The Two Oceans Aquarium is collecting Eco-Bricks to help build a classroom

Endangered Eco-Bricks

The Two Oceans Aquarium and Waste-ED have teamed up to collect enough Eco-Bricks to help build a classroom in Lavender Hill.


An Eco-Brick is made up of a large 2l (coke shaped) plastic bottle which is packed full of un-recyclable material like sweet wrappers, straws and chip packets. This method represents a zero waste system and greatly reduces the waste ending up in landfills. The bricks are well-insulated and resistant to earthquakes.

Waste-ED has been using Eco-Bricks to build structures at schools for some time now. With it being Plastic Free July, the Two Oceans Aquarium is teaming up with Waste-ED and you for a competition like no other.

“By bringing in a fully stuffed eco-brick to the Aquarium this July, you will not only be helping Waste-ED build an outdoor classroom – from your ecobricks – at Levana Primary School in Lavender Hill, but you will also be entering yourself into a lucky draw to win an incredible prize worth R18 500!”

For a full break down of the prize, take a look here. It includes full memberships to the aquarium, rides up Table Mountain and the Cape Wheel, eco-friendly items and so much more.

“This is a six-month project that starts with collecting and making 1 000 eco-bricks – that’s where you come in! This will remove about 500kg of non-recyclable waste from landfill.”

Filling an Eco-Brick is really easy. Just put every bit of plastic that is non-recyclable into it. Here are some examples of things to put in your brick(s).

  • Straws
  • Plastic Wrap
  • Chip Packets
  • Plastic from Earbuds
  • Old Toothbrushes
  • Cellophane
  • Old Balloons
  • Polystyrene (cut it smaller before attempting to stuff the bottle)
  • Plastic Cutlery

Your Eco-Brick needs to weigh more than 500g and all the bits stuffed inside need to be cleaned and dry before being placed in the bottle.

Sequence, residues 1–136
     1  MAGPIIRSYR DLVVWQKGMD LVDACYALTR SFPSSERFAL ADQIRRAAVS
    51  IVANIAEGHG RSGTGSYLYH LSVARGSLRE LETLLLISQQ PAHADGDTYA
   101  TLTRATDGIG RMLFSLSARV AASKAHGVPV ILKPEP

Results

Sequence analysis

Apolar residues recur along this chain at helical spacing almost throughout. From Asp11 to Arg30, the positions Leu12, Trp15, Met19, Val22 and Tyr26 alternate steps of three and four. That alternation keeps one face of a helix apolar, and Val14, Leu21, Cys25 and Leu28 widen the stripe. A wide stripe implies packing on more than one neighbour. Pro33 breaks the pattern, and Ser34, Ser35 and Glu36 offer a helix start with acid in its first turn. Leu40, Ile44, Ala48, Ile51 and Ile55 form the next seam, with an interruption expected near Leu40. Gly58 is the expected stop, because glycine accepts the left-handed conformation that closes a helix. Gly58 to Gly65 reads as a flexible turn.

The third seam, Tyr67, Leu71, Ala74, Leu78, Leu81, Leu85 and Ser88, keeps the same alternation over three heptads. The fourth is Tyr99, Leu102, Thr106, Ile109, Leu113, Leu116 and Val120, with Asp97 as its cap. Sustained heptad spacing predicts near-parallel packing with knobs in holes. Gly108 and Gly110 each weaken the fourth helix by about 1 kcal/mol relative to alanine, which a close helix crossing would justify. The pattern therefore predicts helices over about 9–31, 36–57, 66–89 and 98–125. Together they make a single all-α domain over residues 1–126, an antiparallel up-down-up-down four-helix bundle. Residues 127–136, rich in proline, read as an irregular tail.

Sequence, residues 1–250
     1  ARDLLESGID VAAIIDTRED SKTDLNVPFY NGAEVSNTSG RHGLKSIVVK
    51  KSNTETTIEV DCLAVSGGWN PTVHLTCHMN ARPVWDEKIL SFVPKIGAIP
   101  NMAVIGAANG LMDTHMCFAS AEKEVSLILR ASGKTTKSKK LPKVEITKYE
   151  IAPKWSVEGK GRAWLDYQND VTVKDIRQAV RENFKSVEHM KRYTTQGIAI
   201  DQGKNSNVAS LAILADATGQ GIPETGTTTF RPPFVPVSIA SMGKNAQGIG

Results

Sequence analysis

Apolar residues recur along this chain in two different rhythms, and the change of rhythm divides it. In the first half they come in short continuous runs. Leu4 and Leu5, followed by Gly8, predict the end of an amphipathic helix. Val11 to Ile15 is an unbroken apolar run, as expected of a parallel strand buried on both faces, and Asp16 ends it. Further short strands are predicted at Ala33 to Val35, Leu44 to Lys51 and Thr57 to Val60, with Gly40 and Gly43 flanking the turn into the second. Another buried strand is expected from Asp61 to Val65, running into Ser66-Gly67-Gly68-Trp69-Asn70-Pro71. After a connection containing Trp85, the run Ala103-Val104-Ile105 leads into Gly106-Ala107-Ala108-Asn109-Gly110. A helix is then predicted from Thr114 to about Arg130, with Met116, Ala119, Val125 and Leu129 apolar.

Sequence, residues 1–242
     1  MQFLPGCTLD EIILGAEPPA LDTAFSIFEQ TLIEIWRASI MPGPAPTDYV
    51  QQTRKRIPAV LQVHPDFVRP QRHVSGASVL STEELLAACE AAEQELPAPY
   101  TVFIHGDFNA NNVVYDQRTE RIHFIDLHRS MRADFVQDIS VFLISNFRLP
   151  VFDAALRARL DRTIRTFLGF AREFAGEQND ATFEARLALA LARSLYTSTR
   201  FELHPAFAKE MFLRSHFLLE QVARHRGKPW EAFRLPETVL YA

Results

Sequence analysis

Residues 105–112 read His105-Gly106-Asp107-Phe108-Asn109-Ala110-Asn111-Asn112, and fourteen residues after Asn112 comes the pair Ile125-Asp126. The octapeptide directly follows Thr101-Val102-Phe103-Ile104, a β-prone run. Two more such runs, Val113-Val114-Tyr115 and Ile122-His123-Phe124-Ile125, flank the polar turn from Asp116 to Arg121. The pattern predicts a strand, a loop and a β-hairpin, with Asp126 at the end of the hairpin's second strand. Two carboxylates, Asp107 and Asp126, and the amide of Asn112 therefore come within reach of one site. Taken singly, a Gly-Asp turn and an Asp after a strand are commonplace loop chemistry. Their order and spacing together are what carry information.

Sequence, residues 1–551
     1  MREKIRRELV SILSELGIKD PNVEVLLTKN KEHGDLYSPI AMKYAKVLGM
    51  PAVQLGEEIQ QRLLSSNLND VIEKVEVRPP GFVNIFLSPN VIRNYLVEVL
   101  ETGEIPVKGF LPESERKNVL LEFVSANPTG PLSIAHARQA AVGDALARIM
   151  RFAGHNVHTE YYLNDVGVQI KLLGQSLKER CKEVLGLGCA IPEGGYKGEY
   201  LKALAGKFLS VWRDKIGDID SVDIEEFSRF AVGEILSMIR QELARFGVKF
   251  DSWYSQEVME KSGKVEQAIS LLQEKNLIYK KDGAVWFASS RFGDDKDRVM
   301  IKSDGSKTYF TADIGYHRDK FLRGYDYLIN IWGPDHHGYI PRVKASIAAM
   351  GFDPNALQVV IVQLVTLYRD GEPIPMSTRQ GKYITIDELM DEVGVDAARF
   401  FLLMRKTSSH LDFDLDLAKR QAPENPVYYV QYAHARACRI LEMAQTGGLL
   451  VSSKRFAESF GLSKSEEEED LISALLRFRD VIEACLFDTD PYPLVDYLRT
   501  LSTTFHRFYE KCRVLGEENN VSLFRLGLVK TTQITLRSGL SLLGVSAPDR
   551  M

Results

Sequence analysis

How to stuff your eco-brick

  1. Identify materials that are not compostable or recyclable by your local recycling facility
  2. Clean any dirty items by using leftover dishwashing water and leave to dry
  3. Stuff your clean and dry materials into any size or shape plastic bottle
  4. Compress it as tightly as you can with a stick – NB, this is very important!
  5. Keep doing this until you’ve got a bottle that is as hard as a brick – we will be squeezing your eco-brick to make sure it’s properly packed! If we can squeeze it, we can’t accept it.
  6. Set yourself goals to phase out these items until you don’t need to use the eco-brick anymore!

So there you have it, you can now start making your own bricks at home which can boost education in South Africa and better the environment. Will you be taking part?

Sources: Two Oceans Aquarium
Have something to add to this story? Share it in the comments or follow GoodThingsGuy on Facebook & Twitter to keep up to date with good news as it happens.
Click the link below to listen to the Good Things Guy Podcast, with Brent Lindeque – South Africa’s very own Good Things Guy. He’s on a mission to change what the world pays attention to and he truly believes that there’s good news all around us. In the Good Things Guy podcast, you’ll meet these everyday heroes & hear their incredible stories:

Facebook Comments

Tyler Vivier
Tyler Leigh Vivier is a writer for Good Things Guy. Her passion is to spread good news across South Africa with a big focus on environmental issues, animal welfare and social upliftment. Outside of Good Things Guy, she is an avid reader and lover of tea.

Leave a Reply

Your email address will not be published. Required fields are marked *